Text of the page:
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Hypothetically speaking, if someone wants Hashem to bless them with great wealth, would it be irresponsible for them to donate 100% of their earnings to charity? Would they end up poor?

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    They would be poor by definition.
    – shmosel
    Dec 10, 2023 at 3:34
  • Welcome to MiYodeya Miguel and thanks for this first question. Great to have you learn with us!
    – mbloch
    Dec 10, 2023 at 4:00

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The code says he should give according to the needs of the poor "if his hand is capable." Rema specifies he should not give more than a fifth of his profits. Even some greatest Tzaddikim did not give than a fifth. Becoming rich should not be the motive but rather for the joy of the mitzvah itself. You might be thinking of Micah 3, "Test Me and see if I will not open the windows of heaven" when you bring in the tithes but I think this is a national exhortation and promise, not necessarily individual.

Shulchan Aruch‎ | Yoreh Deah #249

How much should one give and how should one give it? In this regard, there are sixteen sections:

Section 1: The measure of giving, if one's hand is capable, is to give according to the needs of the poor. And if one's hand is not capable, they should give up to a fifth of their possessions, which is a distinguished commandment. And one-tenth is a moderate measure, less than that is considered stinginess. And this fifth is from the profits attained each year.

Rema: A person should not squander more than a fifth, as they may need it for others (Ba'al Ha'Itur citing the Talmud). However, during one's final moments, a person can give as much charity as they wish (based on Rashi, Rosh, Ramban, and Mordechai). And one should not use their own tithe for other commandments, such as candles for the synagogue or other commandments, but rather give it to the poor (Maharil, Laws of Rosh Hashanah).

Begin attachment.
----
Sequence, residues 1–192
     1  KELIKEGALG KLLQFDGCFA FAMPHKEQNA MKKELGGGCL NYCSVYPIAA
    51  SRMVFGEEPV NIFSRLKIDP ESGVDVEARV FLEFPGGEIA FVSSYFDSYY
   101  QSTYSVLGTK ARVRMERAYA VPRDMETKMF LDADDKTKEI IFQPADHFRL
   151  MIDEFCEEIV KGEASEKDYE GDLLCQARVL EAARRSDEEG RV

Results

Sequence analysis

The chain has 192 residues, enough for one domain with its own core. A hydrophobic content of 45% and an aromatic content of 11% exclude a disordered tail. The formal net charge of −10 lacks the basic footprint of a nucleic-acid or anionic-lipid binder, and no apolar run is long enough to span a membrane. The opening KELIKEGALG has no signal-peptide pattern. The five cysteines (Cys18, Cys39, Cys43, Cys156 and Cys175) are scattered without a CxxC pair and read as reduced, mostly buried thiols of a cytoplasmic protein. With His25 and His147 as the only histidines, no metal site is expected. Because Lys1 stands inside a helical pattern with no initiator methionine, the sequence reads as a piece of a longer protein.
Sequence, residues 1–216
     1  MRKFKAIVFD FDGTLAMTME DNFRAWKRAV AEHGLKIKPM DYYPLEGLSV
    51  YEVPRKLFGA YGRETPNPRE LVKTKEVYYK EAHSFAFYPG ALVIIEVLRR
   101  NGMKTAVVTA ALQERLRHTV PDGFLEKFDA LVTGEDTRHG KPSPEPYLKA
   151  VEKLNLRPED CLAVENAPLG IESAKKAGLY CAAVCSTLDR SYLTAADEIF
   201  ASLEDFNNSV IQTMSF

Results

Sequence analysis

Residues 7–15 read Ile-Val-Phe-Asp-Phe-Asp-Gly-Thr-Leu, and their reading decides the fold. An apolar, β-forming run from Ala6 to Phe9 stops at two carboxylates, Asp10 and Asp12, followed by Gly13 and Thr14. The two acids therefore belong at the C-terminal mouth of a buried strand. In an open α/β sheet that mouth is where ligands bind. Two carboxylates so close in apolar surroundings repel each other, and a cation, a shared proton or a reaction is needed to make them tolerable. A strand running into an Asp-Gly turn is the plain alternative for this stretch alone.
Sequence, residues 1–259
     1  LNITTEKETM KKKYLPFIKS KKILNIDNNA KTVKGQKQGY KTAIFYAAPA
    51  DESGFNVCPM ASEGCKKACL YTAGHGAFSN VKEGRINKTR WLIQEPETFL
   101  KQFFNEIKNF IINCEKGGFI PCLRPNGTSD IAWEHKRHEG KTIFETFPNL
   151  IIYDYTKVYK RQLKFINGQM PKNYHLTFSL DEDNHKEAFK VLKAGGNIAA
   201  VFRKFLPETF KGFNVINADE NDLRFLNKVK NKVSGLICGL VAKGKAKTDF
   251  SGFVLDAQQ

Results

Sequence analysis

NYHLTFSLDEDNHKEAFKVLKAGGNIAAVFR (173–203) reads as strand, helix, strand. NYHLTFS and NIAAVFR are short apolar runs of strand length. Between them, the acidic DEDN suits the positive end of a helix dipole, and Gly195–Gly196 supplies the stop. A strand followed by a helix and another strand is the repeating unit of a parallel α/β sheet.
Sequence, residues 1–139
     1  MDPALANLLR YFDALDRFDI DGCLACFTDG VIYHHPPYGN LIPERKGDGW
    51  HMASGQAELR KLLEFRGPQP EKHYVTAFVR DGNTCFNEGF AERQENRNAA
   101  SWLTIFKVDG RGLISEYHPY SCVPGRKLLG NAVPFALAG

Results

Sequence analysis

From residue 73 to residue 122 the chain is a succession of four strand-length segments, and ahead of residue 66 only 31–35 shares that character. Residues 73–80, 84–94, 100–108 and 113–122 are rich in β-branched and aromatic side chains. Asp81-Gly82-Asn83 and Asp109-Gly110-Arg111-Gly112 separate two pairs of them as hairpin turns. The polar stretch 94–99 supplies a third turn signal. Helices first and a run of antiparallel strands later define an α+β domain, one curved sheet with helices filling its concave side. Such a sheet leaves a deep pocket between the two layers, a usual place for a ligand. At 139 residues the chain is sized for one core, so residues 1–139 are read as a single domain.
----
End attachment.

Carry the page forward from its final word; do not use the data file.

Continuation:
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If he's poor depends on what assets he has so it depends. Having savings to last a year is considered not poor (add source). For individual decisions talk to God and run your idea by decent, reasonable people.

I found in Sefer haMidot giving charity raises your mazal, leads to faith, and brings the rain (#6, 29, and 47). Item 69 however brings that one who shears (גוזז) his possessions is saved from the judgement of Gehenom. This sounds like he gives away all but the skin on his back, but requires more looking into. There's a Sefer haMidot with sources but I don't have it.

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  • Your answer, which is relevant to a person who has never sinned, is discussed by the Alter Rebbe in the Tanya. But the relevant detail pertains to someone who has sinned. In their circumstance, giving tzedakah is not limited to one fifth, but according to their individual obligation. Beyond this, the question from the OP as stated is coming from a place of material craving and not holiness. Dec 10, 2023 at 4:26
  • Whether the motivation for tzedaka comes from material craving or not, is Hashem not obligated to return our tith at a 5 to 1 ratio? For example, hypothetically, let's say I donate $1000 to a kosher charity, will Hashem bless me with $5000 in return? If so, by when will I recieve it?
    – Miguel
    Dec 11, 2023 at 8:05
  • @Miguel let me suggest in general, focus on the faith aspect. Charity leads to faith, and faith is a source of blessing for all things Dec 11, 2023 at 8:31
  • @NissimNanach "I found in Sefer haMidot giving charity raises your mazal, leads to faith, and brings the rain." Do gentiles benefit from this as well?
    – Miguel
    Feb 6 at 0:55
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There is a concept of hishtadlus. It means that you have to do your due diligence to access that which Hashem wants to give you. The other side is hasgacha, that everything that happens is only because Hashem made it happen. We have to do our hishtadlus. As a person's emunah gets more and more and their trust in hashgacha gets higher and higher, their hishtadlus is less.

One could technically attain a level where they needed no hishtadlus whatsoever - but that would takes level of emunah that takes a whole life to attain. On our level we need to do reasonable hishtadlus.

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